Fronting: rules for the inversion of adverbs

February 5, 2012pdf

Many adverbs and adverbial expressions can go at the beginning of a clause.

  • Once upon a time there lived three little kittens.
  • One day they decided that they should explore the world.
  • Then they realized that they had made a mistake.

Adverb particles are often fronted when giving instructions to small children.

  • Off we go!
  • Down you come!
  • In you go!
  • Out you come!

Adverbs are also fronted for emphasis.

  • Now you ask me! (= Why didn’t you ask me before?)

After some emphatic fronted adverbs and adverbial expressions, we use the inverted word order. That means the auxiliary verb comes before the subject.

  • Under no circumstances can we tolerate this. (NOT Under no circumstances we can tolerate this.)

Structures with as or though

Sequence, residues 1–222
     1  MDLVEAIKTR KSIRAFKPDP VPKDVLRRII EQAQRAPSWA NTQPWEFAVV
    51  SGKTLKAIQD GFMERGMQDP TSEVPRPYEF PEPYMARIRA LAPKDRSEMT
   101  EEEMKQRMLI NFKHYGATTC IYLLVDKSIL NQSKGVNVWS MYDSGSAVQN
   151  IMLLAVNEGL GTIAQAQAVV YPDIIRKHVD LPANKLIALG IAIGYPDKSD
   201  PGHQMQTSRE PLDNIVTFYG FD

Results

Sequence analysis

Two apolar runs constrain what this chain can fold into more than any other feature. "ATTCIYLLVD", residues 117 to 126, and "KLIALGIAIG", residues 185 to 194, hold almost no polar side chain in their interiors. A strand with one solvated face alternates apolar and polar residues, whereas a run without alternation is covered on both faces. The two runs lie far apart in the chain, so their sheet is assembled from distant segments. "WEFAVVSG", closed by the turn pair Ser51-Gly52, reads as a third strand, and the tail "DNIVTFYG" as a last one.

Adjectives and adverbs are often fronted in expressions with as and though.

  • Clever as he was, he could not solve the problem. = Though he was clever, he could not solve the problem.

In this structure as means though.

Strong as he was, he could not beat his opponent. = Though he was strong he could not beat his opponent.

  • Tired though she was, she went on working.
  • Fast though she drove, she could not catch them.
  • Much as I respect him, I cannot agree with him.
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